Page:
In 1905 the Pall Mall Magazine published a “little book [which] will appeal to all who wish to possess what is really a portfolio, in a handy form, of beautiful drawings and photographs of the marvellous New LONDON which is rising up around them day by day.” The first part of the guide was effectively a guide book for the Londoner and the visitor alike, but a guide book with a difference, as it includes architect’s drawings of the many new buildings and streets which were still at the planning stage. Our guide now takes us for a trip through the streets surrounding the Monmument. We visit noisy stinking Billinsgate where our guide is disappointed not to hear some of the fammous swearing the market is famous for. We also visit Pudding Lane, and the baker’s shop wher ethe Great Fire of London started and colmplete out tour with a vista of London from the Syteeple of St Magnus the Martyr.
Round About the Monument:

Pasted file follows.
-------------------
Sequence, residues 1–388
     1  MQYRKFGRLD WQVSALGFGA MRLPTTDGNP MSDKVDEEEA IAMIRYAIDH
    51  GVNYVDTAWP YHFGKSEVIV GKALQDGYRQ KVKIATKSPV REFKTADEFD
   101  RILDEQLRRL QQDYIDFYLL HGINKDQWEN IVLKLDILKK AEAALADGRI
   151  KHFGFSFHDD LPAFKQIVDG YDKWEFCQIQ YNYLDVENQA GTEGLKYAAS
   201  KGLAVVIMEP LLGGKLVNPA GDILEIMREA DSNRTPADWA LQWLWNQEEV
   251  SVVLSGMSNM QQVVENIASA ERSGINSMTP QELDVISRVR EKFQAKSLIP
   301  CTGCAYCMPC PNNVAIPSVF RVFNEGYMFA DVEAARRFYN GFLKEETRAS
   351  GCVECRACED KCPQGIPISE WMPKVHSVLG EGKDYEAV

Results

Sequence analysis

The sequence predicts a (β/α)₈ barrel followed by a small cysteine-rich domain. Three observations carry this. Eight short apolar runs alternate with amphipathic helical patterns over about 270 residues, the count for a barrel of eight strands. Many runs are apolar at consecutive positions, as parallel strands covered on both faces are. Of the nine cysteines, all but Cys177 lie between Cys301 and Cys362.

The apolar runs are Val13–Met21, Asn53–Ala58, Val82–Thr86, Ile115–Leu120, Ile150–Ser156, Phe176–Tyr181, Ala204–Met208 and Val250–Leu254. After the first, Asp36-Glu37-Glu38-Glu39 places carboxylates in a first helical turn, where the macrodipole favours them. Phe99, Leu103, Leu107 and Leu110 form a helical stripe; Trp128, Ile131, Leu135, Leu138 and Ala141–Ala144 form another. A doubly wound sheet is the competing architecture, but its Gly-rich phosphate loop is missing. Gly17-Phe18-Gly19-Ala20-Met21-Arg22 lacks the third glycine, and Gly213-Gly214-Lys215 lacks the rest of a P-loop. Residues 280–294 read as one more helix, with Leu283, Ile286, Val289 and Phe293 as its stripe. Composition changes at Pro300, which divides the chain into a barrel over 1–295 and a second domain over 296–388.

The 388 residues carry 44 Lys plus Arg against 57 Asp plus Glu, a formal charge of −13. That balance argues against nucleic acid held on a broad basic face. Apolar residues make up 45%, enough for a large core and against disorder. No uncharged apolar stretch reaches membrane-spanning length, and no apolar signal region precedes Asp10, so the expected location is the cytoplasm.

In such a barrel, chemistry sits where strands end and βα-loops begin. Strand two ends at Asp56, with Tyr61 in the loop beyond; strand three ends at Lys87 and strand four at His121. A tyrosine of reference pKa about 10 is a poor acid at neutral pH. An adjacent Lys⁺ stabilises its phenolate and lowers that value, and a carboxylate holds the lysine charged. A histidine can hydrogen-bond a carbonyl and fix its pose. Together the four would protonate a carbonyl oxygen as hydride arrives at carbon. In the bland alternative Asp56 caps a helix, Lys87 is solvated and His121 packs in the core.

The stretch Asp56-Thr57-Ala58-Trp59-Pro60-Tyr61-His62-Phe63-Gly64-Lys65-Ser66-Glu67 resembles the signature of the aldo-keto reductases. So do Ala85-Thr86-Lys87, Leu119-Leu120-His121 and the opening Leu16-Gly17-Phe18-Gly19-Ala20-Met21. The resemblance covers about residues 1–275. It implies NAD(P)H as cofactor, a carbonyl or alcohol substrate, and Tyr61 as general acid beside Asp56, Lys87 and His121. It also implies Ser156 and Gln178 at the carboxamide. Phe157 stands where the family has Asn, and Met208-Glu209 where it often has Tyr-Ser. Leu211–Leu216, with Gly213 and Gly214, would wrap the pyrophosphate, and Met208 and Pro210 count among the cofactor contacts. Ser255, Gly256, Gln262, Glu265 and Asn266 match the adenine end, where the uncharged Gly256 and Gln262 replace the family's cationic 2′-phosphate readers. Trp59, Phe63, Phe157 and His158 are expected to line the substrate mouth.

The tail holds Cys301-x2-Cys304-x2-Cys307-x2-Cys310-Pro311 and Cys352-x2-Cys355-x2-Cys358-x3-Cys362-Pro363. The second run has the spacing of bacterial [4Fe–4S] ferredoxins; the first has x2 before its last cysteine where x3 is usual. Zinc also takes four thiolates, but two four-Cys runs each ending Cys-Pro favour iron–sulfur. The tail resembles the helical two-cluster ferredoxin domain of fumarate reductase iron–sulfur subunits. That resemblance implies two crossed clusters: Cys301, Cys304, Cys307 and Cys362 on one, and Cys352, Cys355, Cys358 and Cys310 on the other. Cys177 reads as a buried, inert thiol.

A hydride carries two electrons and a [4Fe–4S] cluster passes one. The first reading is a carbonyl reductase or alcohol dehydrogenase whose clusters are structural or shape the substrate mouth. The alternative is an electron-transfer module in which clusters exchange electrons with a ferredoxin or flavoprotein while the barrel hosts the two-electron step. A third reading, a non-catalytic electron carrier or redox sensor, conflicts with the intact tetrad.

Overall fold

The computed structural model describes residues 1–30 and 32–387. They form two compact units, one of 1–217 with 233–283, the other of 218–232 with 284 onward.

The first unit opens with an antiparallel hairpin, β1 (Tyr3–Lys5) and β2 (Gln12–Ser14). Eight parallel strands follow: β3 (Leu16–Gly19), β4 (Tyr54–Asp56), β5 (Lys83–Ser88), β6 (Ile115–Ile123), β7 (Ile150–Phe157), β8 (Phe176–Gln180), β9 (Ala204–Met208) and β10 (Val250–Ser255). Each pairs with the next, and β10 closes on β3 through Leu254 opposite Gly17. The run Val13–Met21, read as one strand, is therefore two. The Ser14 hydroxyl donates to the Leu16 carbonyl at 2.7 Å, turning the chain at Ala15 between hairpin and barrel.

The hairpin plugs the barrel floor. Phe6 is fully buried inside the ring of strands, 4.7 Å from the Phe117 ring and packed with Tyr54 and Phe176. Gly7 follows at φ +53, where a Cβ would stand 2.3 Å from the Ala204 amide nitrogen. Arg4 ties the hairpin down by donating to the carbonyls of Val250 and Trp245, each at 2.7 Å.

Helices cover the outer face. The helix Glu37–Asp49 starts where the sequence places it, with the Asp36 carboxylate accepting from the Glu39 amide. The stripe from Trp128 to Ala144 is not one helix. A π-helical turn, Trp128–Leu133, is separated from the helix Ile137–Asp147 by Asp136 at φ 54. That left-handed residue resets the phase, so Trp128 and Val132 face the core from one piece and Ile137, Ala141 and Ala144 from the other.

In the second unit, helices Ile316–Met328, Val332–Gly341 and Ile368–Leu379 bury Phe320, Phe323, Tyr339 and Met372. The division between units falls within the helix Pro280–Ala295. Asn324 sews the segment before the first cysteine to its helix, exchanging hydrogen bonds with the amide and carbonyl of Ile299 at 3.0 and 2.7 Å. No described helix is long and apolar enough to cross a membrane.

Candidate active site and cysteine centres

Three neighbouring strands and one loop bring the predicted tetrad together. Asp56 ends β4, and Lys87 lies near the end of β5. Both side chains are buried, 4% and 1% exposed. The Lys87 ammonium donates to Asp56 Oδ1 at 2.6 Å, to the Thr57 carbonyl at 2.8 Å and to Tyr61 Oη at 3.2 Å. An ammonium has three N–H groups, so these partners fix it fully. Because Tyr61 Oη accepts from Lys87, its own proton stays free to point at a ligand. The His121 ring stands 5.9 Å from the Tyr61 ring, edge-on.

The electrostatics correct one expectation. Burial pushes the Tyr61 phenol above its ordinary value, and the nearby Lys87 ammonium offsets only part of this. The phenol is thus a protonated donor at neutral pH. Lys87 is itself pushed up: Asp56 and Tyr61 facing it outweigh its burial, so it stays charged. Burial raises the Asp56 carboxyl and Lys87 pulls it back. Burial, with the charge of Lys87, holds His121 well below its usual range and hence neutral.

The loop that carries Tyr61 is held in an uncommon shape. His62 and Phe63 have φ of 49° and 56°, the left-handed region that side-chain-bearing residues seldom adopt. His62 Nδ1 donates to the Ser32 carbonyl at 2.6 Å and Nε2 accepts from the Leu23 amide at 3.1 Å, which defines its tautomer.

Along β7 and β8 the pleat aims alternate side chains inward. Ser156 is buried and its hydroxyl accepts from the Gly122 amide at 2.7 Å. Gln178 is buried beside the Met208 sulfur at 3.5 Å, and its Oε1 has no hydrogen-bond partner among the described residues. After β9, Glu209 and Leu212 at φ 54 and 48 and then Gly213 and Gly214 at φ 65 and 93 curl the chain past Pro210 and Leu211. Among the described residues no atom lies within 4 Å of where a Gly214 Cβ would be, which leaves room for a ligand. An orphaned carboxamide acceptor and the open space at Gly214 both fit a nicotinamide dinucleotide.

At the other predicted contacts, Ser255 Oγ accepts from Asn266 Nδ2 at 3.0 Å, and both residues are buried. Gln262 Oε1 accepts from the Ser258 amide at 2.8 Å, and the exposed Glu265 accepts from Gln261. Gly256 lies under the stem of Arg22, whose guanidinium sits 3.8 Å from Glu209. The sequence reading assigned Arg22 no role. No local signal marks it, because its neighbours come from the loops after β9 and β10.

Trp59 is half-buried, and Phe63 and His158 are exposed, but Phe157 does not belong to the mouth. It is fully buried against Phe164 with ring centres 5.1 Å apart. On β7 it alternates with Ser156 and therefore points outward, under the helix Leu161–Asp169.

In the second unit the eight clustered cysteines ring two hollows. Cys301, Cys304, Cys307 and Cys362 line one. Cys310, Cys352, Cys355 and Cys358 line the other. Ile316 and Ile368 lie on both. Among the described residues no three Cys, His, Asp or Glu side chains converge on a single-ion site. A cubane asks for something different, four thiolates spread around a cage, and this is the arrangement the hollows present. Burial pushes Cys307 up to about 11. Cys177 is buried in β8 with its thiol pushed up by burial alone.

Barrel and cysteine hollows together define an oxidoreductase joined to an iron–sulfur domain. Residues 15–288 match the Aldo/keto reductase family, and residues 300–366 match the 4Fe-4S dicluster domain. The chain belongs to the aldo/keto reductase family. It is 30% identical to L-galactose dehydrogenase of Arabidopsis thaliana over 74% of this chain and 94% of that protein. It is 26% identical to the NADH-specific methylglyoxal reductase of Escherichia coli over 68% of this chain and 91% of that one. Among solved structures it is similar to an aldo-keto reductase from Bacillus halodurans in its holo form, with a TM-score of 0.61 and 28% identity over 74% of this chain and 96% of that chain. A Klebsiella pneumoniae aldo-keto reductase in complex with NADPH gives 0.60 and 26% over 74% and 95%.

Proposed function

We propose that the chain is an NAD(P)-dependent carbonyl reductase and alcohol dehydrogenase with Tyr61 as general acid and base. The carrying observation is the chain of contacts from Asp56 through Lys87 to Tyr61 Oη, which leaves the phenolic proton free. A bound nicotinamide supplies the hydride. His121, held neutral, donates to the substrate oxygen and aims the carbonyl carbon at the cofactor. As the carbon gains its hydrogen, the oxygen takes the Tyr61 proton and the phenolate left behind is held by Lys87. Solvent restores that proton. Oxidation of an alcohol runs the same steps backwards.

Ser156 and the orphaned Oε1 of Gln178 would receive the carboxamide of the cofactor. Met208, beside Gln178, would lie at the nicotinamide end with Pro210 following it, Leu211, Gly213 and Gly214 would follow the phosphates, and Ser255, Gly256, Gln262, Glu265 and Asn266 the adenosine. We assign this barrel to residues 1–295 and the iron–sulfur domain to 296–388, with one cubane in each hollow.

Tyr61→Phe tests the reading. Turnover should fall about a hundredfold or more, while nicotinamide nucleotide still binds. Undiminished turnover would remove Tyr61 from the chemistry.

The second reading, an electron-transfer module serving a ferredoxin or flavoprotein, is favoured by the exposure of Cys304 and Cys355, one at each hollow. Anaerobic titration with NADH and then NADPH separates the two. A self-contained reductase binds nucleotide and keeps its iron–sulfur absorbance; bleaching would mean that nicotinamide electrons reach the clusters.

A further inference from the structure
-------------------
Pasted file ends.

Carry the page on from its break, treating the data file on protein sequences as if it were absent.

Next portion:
ITS PAST, PRESENT, AND FUTURE.:THE VISITOR DESCENDS THE TURRET STAIRS ON LONDON BRIDGE, AND REACHES LOWER THAMES STREET. ON THE RIGHT IS THE BEAUTIFUL CHURCH OF ST. MAGNUS THE MARTYR; ON THE LEFT IS THE SITE OF THE FAMOUS “MERMAID” TAVERN, WHICH ONCE ECHOED WITH THE LAUGHTER OF FALSTAFF, BUT HAS NOW GONE TO MAKE WAY FOR NEW LONDON. PUDDING LANE, IN WHICH THE GREAT FIRE BROKE OUT, IS CLOSE BY, AND IN LOVE LANE IS THE HOUSE IN WHICH SIR CHRISTOPHER WREN LIVED WHILST RE-BUILDING THE LONDON OF CHARLES II.Lower Thames Street.He who loves to loiter about London with an eye to the picturesque seldom goes on one of his pilgrimages without missing some old familiar landmark. It has vanished as surely as the Djinn’s Palace, and in its place are ugly cranes, mounds of brand-new bricks, piles of girders, and a bristling framework of masts, amongst which an army of men is at work busily raising up some new edifice more suitable to the age we live in. Or it may be that the space has gone to widen some crooked thoroughfare too long choked by traffic.Such a fate, for example, has befallen Lower Thames Street, which the writer visited one holiday morning in the company of the artist, while making a little tour of the historic ground about the Monument. We were both much surprised, but London is so vast that many upheavals may be in progress which quite escape the public eye. Ancient houses that had stood on the river bank for centuries lay in ruins; of the famous Mermaid Tavern, which once, they say, used to echo with the jokes of Falstaff, only the bar and its beer-taps remained, a thing like a shanty of the hack blocks; to retain its licence it was still an open house, and in more senses than one; open to the thirsty, open also to the winds of heaven, torn up as though by the socket, a heap of bricks and mortar, throwing up clouds of dust like a volcano in the throes.Billingsgate.It was about eleven o’clock, and the narrow roadway was still crowded with those who traffic in fish: dealers, clerks, and porters, the last wearing those quaint articles like horse-collars, which they place on their heads to ease their loads. The air reeked of fish, and though the sun was shining fiercely, the street was ankle-deep in slime and slush, yet spangled with iridescent scales which flashed and glittered out of the obscene.Trucks and harrows were flying hither and thither, heavy carts and other vehicles continually passed to and fro, and it was with difficulty that we could either stand still or make any progress without danger to life and limb. No one could pass this way without understanding that fish was the only thing which mattered here, for we saw barrels of them, warehouses full of them, and each sign informed you that every fish swimming in the ocean deeps was dealt with. In dark and devious passages, which seemed to lead nowhere, tired fish-porters were sleeping or eating, regardless of the smells, the slime, the eternal din, grateful only for mother earth, be it never so stony, and the cool dark shade.They sat on the roadside, hung in groups about lampposts, before public-houses, including the Mermaid bar, lounged against the rails of churches – for, as we shall see, there are churches even here – smoking, yawning, gossiping, wrapt in reflection – a rough set of men indeed, such as hard physical labour produces; men whose night is day, whose day is apparently night or rest-hour; riverdogs and watermen, who help to handle boats and barges; men in whose skin the river ooze has entered never to leave again; amphibious creatures peculiar to Billingsgate – and yet though that name is a byword all the world over for strange oaths, not one caught our ears. Perhaps they were lost in the deafening din, swept away in the screech of wheels, playing maddening Wagnerian strains on the stone-setts to join the general roar of London, the awful hum as of the revolutions of a giant mill-wheel. Or have we English lost all our originality, eclipsed by America?Pudding Lane.Who would expect the picturesque in such a place? Who the antiquities, ancient history and associations?Yet the ground is historic, for only a few yards away is Pudding Lane, in which the Fire of London’ first began to burn. Here, in a dark little court which branches out of it on the left, is the site of the very baker’s shop, for all times memorable. It is still a baker’s shop, and the baker’s cart was, at the very moment of our visit, waiting at the door for its load.The baker of the Restoration was one Farryner, who was bread-maker to the King, and probably some overheated oven set the Great Fire going on that fateful night in September of 1666. In those days Pudding Lane was even narrower than it is now an alley of wooden houses, with beams and baulks pitched over, and roofs of thatch. Wood smouldered sullenly, till some gust fanned it into flame, and Farryner’s house was swiftly converted into a raging furnace.”Some of our maids,” says Pepys, “sitting up late last night to get things ready against our feast to-day, Jane called us up about three in the morning to tell us of a great fire they saw in the City. So I rose and slipped on my nightgown and went to the window, and thought it to be on the back-side of Mark Lane at the farthest, but being unused to such fires as followed, I thought it far enough off, and so went to bed again, and to sleep.”But the next morning Jane came and told him that she heard that above three hundred houses had been burned down, and that it was burning down all Fish Street, by London Bridge. So, indeed, it continued to burn for days, ever fanned by the sharp east wind, raging from the Tower in the east to the Temple in the west. The citizens were distracted; churches fell, hospitals, monuments, public buildings, streets of private houses. The Thames was thick with furniture and all kinds of floatable goods; the stones of St. Paul’s flew like grenadoes into the air; the dome of the Guildhall glowed – a palace of gold; the melting lead flowed like water down the gutters; the sky was fiery like the top of a burning oven; the light of burning London could be seen forty miles away.”So near the fire,” says Pepys, “as we could for smoke, and all over the Thames, with one’s face in the wind, you were almost burned with a shower of fire-drops. This is very true; so as houses were burned by these drops and flakes of fire, three or four-nay, five or six-houses, one from another. When we could endure no more upon the water, we to a little ale-house on the Bankside, over against the Three Cranes, and there staid till it was almost dark, and saw the fire grow, and, as it grew darker, appeared more and more, and in corners, and upon steeples, and between churches and houses, as far as we could see up the hill of the City, in a most horrid, malicious, bloody flame, not like the flame of an ordinary fire. We staid till, it being darkish, we saw the fire as only one entire arch of fire from this to the other side of the bridge, and in a bow up the hill in an arch of above a mile long ; it made one weep to see it.”Love LaneThe great Wren was appointed surveyor-general and principal architect of the new London which rose out of the ashes, and would have built a city of magnificent distances, worthy of the opportunity, if the citizens had not stuck out for their private rights and fancies. The result was another maze of streets, above whose heads, however, loomed the wonderful dome of St. Paul’s, and the host of spires and towers which to this day soothe many a weary eye by their manifold beauties.Parallel with Pudding Lane, now given up to the fishes, runs another beetling passage, called Love Lane. It is so narrow that you can almost step across it; it curves like the folds of a serpent; in places the houses overhang till their fronts almost touch. It requires some courage to struggle through the throng of porters and fishmen which surges to and fro; but it is worth the pilgrim’s trouble, for in the very middle of it is the back of the house in which Wren lived whilst he was building his churches and laying out the new city.A flight of stone steps protected by rusty iron rails leads up to the massive oak door, now sadly battered, with great pieces chipped out of it, splashed with mud and choked up with the sweepings of ages. It is a melancholy memorial, in much the same case as some relic which we have not the heart to consign to the dust-heap. Returning to Pudding Lane, we dived under the arch of a warehouse, and found ourselves in a square court-yard, one side of which is occupied by the front of the old mansion whose back only we had seen.Wren’s House.Who would believe that this ugly court had once been a blooming garden, with lawns beyond, sloping down to the riverside? The front door, of massive oak like the one at the back, was open, so we entered, and found ourselves in a hall, gloomy but spacious, and thence ascended with some curiosity and not a little daring a fine old staircase, with balustrades of oak, carved, and polished by the hands of many generations.Our doubts as to the use to which the house was put were ended when we reached the landing, for through an open door we saw a panelled chamber hung round with small hats, cloaks, and satchels. It was evidently a City school; we could now hear the hum of lessons, the drowsy monotone peculiar to all assemblages of children. Another door opened – it had seemed part of the wall – and in the opening stood a master, book in hand, who eyed the intruders curiously. We offered an apology and an explanation, were politely shown various ancient chambers with panelled walls and richly ornamented ceilings, and were finally ushered up a ghostly little staircase on to the leads, whence we may suppose that Wren sometimes contemplated the slowly rising city in the cool of the summer evenings. Today an amazing panorama of spires, towers, chimneys, bridges, and a tumbled sea of roofs is presented to the roving eye, such as even Wren, with the imagination of genius, could never have conjured up in his wildest dreams.St. Magnus the Martyr.Once more we found ourselves in the seething turmoil, and for peace sought refuge in St. Magnus the Martyr’s, the doors of which were open. The apparitor was sitting in the cool, chamber-like passage formed by the sombre oak screen, very rich and handsome in appearance, which divides the body of the church from the entrance, a little girl in a red cloak being with him, reading a lesson-book placed on an ancient oak coffer thickly studded with nails. He seemed surprised to see visitors, who, he told us, seldom found their way to St. Magnus’.Indeed, it is not surprising, for few, we fancy, care to brave the terrors of Lower Thames Street; most are content to see the church from the security of London Bridge or the Monument. But are we not all, citizens and visitors, too greatly inclined to keep to the well-known roads, though the unfrequented byways, difficult, perhaps, like the narrow path of virtue, may lead to the picturesque?St. Magnus is of itself cool, dark, beautifully serene, enriched with fine carving, with numerous mural tablets; and, though few appear to know or care, amongst the sacred dust lie the bones of Coverdale, he who translated the Bible for us. The apparitor showed us the tablet raised to Coverdale’s memory, allowed us to peep into the quaint old vestry, and, taking us out into the sunlit porch, explained that a hundred years ago it was the beginning of the footway across old London Bridge. As it is to-day so it was in those times, but London Bridge itself has been moved on. He then unlocked the sunken door of the tower for us, and we ascended the dark winding steps to the very summit, whence we got a view of London of surpassing interest.